The Critical Review is the official mechanism by which a committee of experts called for the special occasion, within the World Health Organization (WHO), revises all the existing data and knowledge about a narcotic drug. This Expert Committee on Drug Dependence (ECDD) analyzes the information in order to establish the real potency, the assessed therapeutic effects, and the real health or social harms and risks that can be produced by each “narcotic” plant or substance. After making a Critical review, the ECDD delivers to the United Nations system and to the governments of the world a recommendation on the level of control to be applied.

Nowadays, Cannabis is still scheduled as a substance liable to abuse and highly addictive, with particularly dangerous properties and little or no therapeutic values (Schedules I and IV of the 1961 Single Convention), just as heroin. Despite the discovery of THC in the 1960’s, despite the discovery of the endocannabinoid system in the 1990’s, despite the growing number of diseases for which Cannabis is scientifically proven to have an useful therapeutic effect, Cannabis has not had any critical review since the year 1935 ! Yet in 1965, the ECDD (Expert Committee on Drug Dependance) made a pre-review that did not lead to any result, and in 1991, the ECDD recommended the descheduling of THC from the list of most harmful substances.


Today, the whole plant has to be descheduled from the tables I and IV of the 1961 Single Convention on Narcotic Drugs, the very international lock against any Cannabis policy reform at national level. But this have to be assessed by a Critical review by the ECDD, 81 years after the previous one. Many civil society organizations have been working on this issue for years, and today, the United Nations General Assembly, in the recent Special Session on the world drug problem (UNGASS 2016) recognizes the need of a renewed, balanced and scientific evidence-based approach towards the international scheduling system, by reaffirming the treaty-mandated role of WHO, but also resolving to “[support] scientific evidence-based review and scheduling of the most prevalent, persistent and harmful substances” as well as calling for “informed and coordinated scheduling decisions”.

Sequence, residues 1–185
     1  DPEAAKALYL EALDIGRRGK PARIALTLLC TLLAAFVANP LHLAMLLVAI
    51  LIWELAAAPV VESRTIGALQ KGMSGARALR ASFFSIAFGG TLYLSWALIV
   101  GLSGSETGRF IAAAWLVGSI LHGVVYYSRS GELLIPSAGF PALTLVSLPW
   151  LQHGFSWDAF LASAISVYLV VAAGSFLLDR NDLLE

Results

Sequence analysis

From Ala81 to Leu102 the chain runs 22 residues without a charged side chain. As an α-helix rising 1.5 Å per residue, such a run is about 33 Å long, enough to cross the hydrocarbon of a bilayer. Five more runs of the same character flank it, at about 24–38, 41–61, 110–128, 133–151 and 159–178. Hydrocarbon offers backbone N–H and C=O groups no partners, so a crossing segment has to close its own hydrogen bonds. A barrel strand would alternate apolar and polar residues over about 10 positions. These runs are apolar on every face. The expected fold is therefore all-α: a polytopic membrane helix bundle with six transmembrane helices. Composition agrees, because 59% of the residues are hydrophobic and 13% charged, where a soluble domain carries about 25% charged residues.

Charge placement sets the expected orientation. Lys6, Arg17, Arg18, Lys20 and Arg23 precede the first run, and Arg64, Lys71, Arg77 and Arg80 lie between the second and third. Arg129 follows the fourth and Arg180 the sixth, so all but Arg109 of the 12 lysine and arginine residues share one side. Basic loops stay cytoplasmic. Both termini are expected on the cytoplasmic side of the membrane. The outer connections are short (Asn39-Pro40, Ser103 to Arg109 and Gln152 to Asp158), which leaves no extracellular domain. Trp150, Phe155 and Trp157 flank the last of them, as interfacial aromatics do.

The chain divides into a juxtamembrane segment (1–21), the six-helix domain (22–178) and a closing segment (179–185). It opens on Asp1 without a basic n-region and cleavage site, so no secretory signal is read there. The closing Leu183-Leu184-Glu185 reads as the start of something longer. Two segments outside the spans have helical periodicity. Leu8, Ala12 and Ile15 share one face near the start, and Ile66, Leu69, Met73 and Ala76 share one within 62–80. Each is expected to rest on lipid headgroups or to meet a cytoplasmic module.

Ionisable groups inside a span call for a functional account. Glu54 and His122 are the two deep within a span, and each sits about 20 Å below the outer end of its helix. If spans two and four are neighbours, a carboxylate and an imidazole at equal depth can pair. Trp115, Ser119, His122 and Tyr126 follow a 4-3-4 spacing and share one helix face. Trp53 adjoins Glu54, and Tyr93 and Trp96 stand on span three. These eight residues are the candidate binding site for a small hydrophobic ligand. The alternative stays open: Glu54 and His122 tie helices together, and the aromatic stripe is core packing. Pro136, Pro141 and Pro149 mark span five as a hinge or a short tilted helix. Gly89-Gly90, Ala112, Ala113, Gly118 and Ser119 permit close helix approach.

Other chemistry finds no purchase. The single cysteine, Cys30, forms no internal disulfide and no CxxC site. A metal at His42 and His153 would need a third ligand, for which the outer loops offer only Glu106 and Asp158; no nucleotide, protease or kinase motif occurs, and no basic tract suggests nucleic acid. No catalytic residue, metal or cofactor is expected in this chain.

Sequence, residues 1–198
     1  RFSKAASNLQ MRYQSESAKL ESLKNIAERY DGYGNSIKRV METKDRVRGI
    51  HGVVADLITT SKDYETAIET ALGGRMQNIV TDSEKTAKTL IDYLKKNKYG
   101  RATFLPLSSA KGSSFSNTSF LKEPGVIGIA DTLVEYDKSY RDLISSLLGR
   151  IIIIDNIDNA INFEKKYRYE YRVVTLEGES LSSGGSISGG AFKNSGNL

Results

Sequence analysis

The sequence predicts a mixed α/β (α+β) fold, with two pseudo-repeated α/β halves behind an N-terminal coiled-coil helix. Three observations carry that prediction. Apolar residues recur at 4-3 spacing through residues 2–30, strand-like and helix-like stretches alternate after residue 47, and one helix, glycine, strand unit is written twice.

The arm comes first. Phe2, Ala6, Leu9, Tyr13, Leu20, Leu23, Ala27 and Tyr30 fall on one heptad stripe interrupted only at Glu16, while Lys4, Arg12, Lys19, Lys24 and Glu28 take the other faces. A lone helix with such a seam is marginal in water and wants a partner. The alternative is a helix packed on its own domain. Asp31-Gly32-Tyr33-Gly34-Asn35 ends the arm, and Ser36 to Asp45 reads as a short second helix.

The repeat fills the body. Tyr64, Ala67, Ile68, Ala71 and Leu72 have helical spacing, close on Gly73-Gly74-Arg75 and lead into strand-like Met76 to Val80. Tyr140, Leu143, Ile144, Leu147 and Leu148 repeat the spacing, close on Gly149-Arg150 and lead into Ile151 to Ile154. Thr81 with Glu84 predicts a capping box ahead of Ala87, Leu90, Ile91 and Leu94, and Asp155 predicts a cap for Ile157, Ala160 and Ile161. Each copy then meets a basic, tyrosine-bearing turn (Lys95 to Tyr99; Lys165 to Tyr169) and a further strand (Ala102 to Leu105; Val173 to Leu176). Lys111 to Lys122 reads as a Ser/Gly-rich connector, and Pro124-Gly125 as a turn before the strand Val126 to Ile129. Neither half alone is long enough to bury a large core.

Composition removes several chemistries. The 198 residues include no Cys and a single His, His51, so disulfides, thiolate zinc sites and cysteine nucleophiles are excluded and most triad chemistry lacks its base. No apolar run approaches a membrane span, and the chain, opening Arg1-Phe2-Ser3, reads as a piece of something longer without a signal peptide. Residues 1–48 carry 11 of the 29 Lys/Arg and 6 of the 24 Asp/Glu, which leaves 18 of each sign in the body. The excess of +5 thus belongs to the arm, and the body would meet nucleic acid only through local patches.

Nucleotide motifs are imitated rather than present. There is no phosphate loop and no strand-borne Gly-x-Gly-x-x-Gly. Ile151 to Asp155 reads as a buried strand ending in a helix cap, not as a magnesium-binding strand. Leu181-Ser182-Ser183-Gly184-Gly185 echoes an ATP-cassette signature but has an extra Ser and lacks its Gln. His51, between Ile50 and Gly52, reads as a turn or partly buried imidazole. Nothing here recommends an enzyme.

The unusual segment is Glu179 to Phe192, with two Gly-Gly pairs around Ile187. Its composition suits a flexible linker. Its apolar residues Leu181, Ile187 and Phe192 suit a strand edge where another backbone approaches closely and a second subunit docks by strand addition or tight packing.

The World Health Assembly (WHA) is the place and moment where most of the decisions concerning the ECDD are made. This year’s 69th WHA will take place from 23rd to 28th of May, in Geneva’s Palais des Nations, and includes an agenda item on the public health approach of drug policies, in the context of UNGASS.

It is time to advocate for a concrete change of paradigm in the international drug control system, towards  an evidence-based approach to policies, starting with the long overdue Critical review of the most used and one of the less harmful substances : Cannabis.

Expert Committee on Drug Dependence (ECDD)

Photo credit : IDPC

Photo credit : IDPC

The ECDD is a body of experts responsible for conducting the medical and scientific evaluation of dependence-producing substances, and for making recommendations concerning the level of international control to be applied to the UN Commission on Narcotic Drugs, the international legislative organ on narcotic drugs. In theory, no psychoactive substance can be scheduled internationally without first being evaluated by this expert committee of the WHO.